Stare-way to heaven

Staring has a bad rep. “What are you staring at?!” is not exactly a friendly piece of banter. In the classroom we are told to stop staring out the window and get on with our work. We seem on some occasions to interpret staring as a lack of focus, on others as a sign of stupidity, and on others as a signal of malevolence. Certainly a good stare has power and now a new study has shown just how a stare functions in certain social situations.

When biologists and psychologists want to understand the roots of some human behaviour one of the first things they do will see where that behaviour exists in the animal world, if it does at all. In the case of staring it is a behaviour that exists in our closest of evolutionary relatives, the primates.

Research tells us that when primates get into dominance battles they tend not to resolve them by fighting but rather by staring contests. Charlton Heston found this out only too well in the only Planet of the Apes movie worth talking about (the 1969 version) when he was subjected to some pretty intense eyeballing by the Gorilla General Urko. Admittedly Urko’s glare may have been intensified by about three inches of PVC make-up, but the intimidatory stare was certainly there. Fortunately Chuck was not weaponless when Urko turned on his stare-glare because staring to establish dominance is automatic for humans too.

This was established in a new study where participants watched a computer screen while a series of coloured ovals appeared that were coloured blue, green and red respectively. Below each of the ovals were a group coloured dots, again in blue, green and red. The task apparently was to look from the oval to the dots of the same colour below. There was, however, a twist.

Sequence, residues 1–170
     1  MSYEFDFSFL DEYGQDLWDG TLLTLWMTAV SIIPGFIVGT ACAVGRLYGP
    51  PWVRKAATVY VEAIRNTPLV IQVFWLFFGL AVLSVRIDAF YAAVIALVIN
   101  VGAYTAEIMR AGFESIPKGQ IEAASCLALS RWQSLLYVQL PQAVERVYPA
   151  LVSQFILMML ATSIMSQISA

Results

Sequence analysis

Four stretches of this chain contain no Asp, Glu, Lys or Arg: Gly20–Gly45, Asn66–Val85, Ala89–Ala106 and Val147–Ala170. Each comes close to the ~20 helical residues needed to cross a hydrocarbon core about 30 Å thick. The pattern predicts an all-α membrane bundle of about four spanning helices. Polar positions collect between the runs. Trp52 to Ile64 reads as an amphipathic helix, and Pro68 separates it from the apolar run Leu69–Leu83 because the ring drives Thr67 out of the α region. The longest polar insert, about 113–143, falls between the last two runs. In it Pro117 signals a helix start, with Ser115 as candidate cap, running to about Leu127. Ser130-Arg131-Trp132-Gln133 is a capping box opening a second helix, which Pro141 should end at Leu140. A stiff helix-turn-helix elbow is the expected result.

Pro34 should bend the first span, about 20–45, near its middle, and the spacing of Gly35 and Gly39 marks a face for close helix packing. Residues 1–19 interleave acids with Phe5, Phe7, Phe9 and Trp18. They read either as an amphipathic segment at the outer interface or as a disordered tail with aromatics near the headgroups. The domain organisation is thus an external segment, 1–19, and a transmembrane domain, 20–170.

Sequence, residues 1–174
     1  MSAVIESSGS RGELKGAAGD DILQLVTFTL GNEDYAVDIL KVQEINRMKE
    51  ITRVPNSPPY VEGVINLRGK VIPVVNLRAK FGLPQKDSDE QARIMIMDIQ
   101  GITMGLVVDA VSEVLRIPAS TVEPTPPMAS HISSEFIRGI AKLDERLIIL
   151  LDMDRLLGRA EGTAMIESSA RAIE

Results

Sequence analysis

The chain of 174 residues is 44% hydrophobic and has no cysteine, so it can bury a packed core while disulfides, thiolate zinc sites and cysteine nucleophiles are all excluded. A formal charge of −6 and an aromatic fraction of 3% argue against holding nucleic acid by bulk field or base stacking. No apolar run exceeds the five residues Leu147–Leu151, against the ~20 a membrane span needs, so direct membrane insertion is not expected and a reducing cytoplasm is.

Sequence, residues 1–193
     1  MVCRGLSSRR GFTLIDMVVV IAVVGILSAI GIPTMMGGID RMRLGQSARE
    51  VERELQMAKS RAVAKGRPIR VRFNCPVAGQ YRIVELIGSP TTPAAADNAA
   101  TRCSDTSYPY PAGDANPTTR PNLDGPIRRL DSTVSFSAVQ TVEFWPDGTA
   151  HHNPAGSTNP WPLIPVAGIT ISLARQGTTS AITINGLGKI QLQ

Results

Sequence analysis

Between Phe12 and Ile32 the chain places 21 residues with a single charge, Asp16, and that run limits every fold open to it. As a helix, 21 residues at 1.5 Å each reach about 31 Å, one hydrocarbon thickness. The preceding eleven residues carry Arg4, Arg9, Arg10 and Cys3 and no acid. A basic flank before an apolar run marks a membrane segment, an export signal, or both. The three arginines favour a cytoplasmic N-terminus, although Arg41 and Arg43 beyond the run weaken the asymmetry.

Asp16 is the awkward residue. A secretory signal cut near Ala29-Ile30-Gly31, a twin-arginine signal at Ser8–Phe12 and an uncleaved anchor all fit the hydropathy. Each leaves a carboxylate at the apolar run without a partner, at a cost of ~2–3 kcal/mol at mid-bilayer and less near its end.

For a split second, just before the oval appeared, a face of the same colour appeared. The face had either a staring angry expression, a happy expression, or a neutral expression. The researchers were testing how long it took people to look away from the various emotions. Additionally, the subjects were given personality questionnaires to establish how dominant or otherwise they were in social situations.

The results showed that people who were motivated to be dominant were slower to look away from the angry, staring faces. By contrast, people who were motivated to seek rewards spent more time looking at the happy faces. In other words, people who seek dominance socially will engage in staring contests as a reflex, without even meaning to do it. People who don’t care about dominance will probably look away from a stare and seek a happier visage.

That all means that dominance is established in a fraction of a second and it is a matter of who has the biggest balls; eyeballs that is.

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The WellBeing Team

The WellBeing Team

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